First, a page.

Enhanced proliferation of pancreatic acinar cells in MRL/MpJ mice is driven by severe acinar injury but independent of inflammation

Abstract

Adult pancreatic acinar cells have the ability to re-enter the cell cycle and proliferate upon injury or tissue loss. Despite this mitotic ability, the extent of acinar proliferation is often limited and unable to completely regenerate the injured tissue or restore the initial volume of the organ, thus leading to pancreatic dysfunction. Identifying molecular determinants of enhanced proliferation is critical to overcome this issue. In this study, we discovered that Murphy Roths Large (MRL/MpJ) mice can be exploited to identify molecular effectors promoting acinar proliferation upon injury, with the ultimate goal to develop therapeutic regimens to boost pancreatic regeneration. Our results show that, upon cerulein-induced acinar injury, cell proliferation was enhanced and cell cycle components up-regulated in the pancreas of MRL/MpJ mice compared to the control strain C57BL/6. Initial damage of acinar cells was exacerbated in these mice, manifested by increased serum levels of pancreatic enzymes, intra-pancreatic trypsinogen activation and acinar cell apoptosis. In addition, MRL/MpJ pancreata presented enhanced inflammation, de-differentiation of acinar cells and acinar-to-ductal metaplasia. Manipulation of inflammatory levels and mitogenic stimulation with the thyroid hormone 5,3-L-tri-iodothyronine revealed that factors derived from initial acinar injury rather than inflammatory injury promote the replicative advantage in MRL/MpJ mice.

Introduction

Recovery from mild forms of pancreatitis, an inflammatory disease of the exocrine pancreas, occurs via regeneration of pancreatic acinar cells. However, the extent of the regenerative process is limited and pancreatic injuries are often associated with inability to replace lost or mal-functioning acinar cells, thus resulting in pancreatic dysfunction and pancreatic insufficiency1. In this context, the identification of mouse strains with elevated regenerative ability would provide a useful platform to identify the molecular components able to improve pancreatic regeneration.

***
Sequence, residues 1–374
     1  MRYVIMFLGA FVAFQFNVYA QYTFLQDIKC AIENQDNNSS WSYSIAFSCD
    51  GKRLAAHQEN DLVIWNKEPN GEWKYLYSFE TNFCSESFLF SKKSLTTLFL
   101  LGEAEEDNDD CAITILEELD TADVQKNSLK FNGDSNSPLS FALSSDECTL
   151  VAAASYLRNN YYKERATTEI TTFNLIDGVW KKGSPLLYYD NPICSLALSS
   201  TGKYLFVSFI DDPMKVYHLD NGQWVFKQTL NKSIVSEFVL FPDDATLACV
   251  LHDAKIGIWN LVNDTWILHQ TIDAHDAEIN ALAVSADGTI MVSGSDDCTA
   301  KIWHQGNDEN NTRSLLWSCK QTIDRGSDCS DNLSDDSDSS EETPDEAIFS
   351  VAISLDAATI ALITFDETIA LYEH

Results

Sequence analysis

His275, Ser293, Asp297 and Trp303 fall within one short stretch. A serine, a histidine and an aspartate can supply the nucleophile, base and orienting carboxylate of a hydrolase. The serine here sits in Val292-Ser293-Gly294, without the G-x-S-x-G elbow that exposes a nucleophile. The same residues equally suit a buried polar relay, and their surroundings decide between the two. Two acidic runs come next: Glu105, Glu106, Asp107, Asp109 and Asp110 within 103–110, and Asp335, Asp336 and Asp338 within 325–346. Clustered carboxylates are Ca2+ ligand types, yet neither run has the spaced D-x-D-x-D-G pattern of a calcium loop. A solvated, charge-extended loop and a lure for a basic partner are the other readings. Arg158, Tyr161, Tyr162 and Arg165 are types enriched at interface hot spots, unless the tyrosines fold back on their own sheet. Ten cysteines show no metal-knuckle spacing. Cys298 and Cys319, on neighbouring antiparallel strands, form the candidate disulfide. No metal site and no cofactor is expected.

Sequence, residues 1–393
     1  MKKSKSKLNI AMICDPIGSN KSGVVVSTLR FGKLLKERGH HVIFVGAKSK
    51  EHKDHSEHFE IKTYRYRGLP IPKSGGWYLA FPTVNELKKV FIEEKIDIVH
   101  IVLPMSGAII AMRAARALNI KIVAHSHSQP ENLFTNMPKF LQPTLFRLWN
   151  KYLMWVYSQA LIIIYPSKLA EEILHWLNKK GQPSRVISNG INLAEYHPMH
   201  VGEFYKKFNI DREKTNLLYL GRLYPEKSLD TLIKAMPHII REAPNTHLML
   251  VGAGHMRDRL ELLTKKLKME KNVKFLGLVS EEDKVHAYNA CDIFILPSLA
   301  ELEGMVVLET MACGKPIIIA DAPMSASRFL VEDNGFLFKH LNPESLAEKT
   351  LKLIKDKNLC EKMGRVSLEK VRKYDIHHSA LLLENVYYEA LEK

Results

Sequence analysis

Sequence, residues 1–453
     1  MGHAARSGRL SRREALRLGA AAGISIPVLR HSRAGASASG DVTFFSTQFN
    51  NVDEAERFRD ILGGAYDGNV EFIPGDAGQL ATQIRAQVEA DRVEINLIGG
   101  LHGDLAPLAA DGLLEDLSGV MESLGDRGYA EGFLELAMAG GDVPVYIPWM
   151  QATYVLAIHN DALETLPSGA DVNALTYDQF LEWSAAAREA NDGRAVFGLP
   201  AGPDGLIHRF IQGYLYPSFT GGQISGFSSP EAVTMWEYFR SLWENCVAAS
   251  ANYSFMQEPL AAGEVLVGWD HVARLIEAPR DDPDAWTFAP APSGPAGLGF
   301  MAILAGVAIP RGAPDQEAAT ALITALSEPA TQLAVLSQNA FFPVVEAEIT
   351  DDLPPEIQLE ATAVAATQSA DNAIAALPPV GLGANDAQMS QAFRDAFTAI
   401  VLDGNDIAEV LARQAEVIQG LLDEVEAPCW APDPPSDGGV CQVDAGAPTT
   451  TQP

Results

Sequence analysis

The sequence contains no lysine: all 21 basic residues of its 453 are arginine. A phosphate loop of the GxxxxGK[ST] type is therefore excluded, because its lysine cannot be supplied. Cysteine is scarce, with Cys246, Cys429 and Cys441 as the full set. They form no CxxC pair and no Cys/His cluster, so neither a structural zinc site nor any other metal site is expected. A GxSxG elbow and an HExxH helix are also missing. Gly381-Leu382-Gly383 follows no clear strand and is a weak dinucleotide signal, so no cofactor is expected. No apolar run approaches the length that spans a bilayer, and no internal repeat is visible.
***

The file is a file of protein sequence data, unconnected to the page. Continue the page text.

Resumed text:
In this study, we investigated whether enhanced pancreatic regeneration is present following induction of pancreatitis in the Murphy Roths Large (MRL/MpJ) mouse strain. These mice are characterized by a striking ability of epimorphic regeneration in several adult organs and tissues, first described by Heber-Katz and colleagues2. Epimorphic regeneration is normally found during embryonic development3,4, while the typical default response to injury in adult mammals results in the development of an inflammatory reaction and formation of scar tissue. In this respect, MRL/MpJ mice provide a unique opportunity to understand the molecular mechanisms that differentiate regeneration from a simple repair process.

The extensive body of evidence to date to elucidate these mechanisms revealed that the “super healing” attribute is multigenic5,6,7,8,9,10. Interestingly, a common feature that emerged from transcriptomic studies is that the healing process in different regenerating tissues of the MRL/MpJ mice is associated with repression of genes responsible for inflammation, a regulation also typical of neonatal regeneration6, and with a different composition of secreted inflammatory molecules. Noteworthy is that, while the altered basal immune system and immune response to injury observed in MRL/MpJ mice seems to be beneficial in the regeneration of selected tissues, these mice develop an autoimmune phenotype in the late stage of life11,12. A direct correlation between “super healing” and autoimmunity is still a matter of debate, but the existence of autoimmunity-prone mouse strains without epimorphic regeneration ability suggests a lack of causality between these two phenotypes13.